Rwanda: Beans for Better Nutrition and Achievement of Global Goals
Rwanda takes nutrition security seriously. In recent years, the country’s efforts to increase dietary diversification and improve livelihoods have resulted in declining percentages of children suffering from wasting, stunting and underweight. One of the most successful initiatives has focused on improving the nutritional content of beans through biofortification.
Beans are widely grown across Rwanda and are the country’s main staple food, providing households with 32% of required calories and 65% of protein. For these reasons, they have been promoted as priority crops under the government’s Crop Intensification Program (CIP), which aims to improve agricultural productivity and food security in the country.
Beans rich in iron and zinc are long-lasting, inexpensive and profitable healthy foods for people of all incomes. A series of CGIAR studies found that daily consumption of iron-rich beans helped increase iron levels in Rwandan women of childbearing age, improve physical performance, and improve memory and cognitive ability. attention in just six months.
A success story for climate adaptation and nutrition
Over the past decade, the Rwanda Agriculture and Animal Resources Development Board (RAB) has worked with partners and invested more than $5 million to identify and develop new high-yielding bean varieties rich in iron and zinc. . Since 2010, more than 45 new varieties have been released in the country, including 18 varieties of biofortified beans.
This is also the result of a long-standing partnership with the Pan African Bean Research Alliance (PABRA), a multi-stakeholder bean research network comprising national agricultural research systems and international institutions that was established in 1996 to improve bean productivity, utilization and marketing for the rural poor and urban population.
So far, PABRA member countries have developed and released 726 marketable, climate-resistant, high-yielding bean varieties. These varieties have been made available to 37 million households in 31 African countries, including Rwanda, helping to increase food security in the region. These improved varieties are not only rich in iron and zinc, but also exhibit characteristics such as tolerance to droughts, pests, diseases and high market demand. Some of these varieties can withstand temperature increases of up to 4 degrees Celsius.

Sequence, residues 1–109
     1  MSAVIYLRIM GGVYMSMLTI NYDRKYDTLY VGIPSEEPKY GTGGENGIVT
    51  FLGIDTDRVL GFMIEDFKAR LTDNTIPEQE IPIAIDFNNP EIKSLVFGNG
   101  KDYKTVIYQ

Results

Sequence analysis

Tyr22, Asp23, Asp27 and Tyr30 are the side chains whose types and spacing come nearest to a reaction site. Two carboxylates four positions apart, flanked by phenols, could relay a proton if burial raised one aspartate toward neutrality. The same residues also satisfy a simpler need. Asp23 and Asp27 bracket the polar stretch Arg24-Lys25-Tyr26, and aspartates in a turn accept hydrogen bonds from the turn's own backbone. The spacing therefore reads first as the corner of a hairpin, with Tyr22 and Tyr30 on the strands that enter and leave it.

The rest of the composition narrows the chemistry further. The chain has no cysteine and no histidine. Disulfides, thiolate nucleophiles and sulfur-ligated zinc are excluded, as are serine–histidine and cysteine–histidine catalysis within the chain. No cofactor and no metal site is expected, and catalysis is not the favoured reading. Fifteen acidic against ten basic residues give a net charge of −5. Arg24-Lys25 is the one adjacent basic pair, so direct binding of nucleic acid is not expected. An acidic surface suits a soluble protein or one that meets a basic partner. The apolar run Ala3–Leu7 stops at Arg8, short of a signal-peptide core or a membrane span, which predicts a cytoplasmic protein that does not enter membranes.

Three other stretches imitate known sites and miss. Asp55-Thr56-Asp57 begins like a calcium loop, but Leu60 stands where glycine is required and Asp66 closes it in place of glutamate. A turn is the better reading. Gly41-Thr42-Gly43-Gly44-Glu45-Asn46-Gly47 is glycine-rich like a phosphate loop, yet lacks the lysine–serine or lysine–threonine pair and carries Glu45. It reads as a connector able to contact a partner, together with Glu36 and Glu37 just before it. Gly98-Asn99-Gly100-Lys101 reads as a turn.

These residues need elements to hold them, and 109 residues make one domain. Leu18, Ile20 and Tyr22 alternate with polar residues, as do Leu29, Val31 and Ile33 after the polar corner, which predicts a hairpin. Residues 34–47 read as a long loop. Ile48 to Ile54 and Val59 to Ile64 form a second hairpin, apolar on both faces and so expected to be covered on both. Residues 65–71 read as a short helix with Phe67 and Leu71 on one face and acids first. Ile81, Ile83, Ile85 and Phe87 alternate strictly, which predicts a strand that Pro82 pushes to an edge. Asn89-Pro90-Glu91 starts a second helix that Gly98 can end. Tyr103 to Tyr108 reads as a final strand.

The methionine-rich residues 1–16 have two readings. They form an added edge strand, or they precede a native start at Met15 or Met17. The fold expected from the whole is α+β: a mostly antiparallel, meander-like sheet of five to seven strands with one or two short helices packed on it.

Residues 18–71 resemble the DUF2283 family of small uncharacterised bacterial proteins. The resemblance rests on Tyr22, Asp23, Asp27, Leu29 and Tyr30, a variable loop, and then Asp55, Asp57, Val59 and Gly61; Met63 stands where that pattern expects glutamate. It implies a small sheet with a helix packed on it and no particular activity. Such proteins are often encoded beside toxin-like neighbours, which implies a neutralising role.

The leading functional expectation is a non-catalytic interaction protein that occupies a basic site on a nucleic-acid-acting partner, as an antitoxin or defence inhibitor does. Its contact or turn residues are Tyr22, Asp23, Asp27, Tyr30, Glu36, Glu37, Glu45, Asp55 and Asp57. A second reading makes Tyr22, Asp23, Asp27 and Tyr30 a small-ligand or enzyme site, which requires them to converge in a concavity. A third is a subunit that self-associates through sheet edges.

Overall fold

In 2018, 20% of the beans produced in Rwanda were iron-rich varieties and 15% of the population – 1.8 out of 12.4 million people – had started eating them. Farmers growing improved iron-rich varieties saw their yields increase by about 22% compared to other beans and could make an additional profit of $57 to $78 per hectare.
Through PABRA, Rwanda has become a major player in the development and dissemination of climbing beans throughout the African continent. These beans can yield up to three times more than bush beans and could satisfy both growing domestic demand and export trade.
Rampant population growth and increased urbanization will lead to a dramatic increase in food demand in Africa and globally over the next two decades. Successes in Rwanda and across Africa show that beans can help us adapt and respond to the climate crisis while continuing to eradicate hunger.
With 828 million people still going hungry in 2021, according to the State of Food Security and Nutrition in the World 2022 report, governments, national research institutes and international organizations must act quickly to ensuring more sustainable, nutritious and affordable food is accessible to all.
Investing in increasing the production and consumption of nutritious and climate-friendly bean varieties is critically important to meet growing food demand and support farmers’ livelihoods. Creating the right market incentives for farmers to produce more bean varieties, such as including them in public markets and school meals programs, can increase the use of quality seed and bean productivity. Educating consumers, especially younger generations, about the nutritional benefits of beans can also create an internal market for beans and improve nutritional outcomes.
A major event ahead of the 27th Conference of the Parties to the United Nations Framework Convention on Climate Change (COP 27), the African Green Revolution Forum (AGRF) 2022, which takes place in Rwanda from September 5 to 9, represents a unique opportunity to start a discussion with countries, the private sector, international organizations and farmers, around beans as an innovative solution to the climate and hunger crisis, in Africa and beyond.
We hope that many of us will come out of the Summit inspired and motivated to build a global coalition to boost bean production and consumption over the next eight years. 2030 is fast approaching and most of the global development goals will not be met unless we massively increase our efforts to fight climate change and hunger. Beans are a simple yet powerful resource to get us back on track to achieve the Sustainable Development Goals.
Gerardine Mukeshimana is Minister of Agriculture and Animal Resources in Rwanda. Juan-Lucas Restrepo is Global Director of Partnerships and Advocacy at CGIARand Managing Director of the Alliance of Bioversity International and CIAT.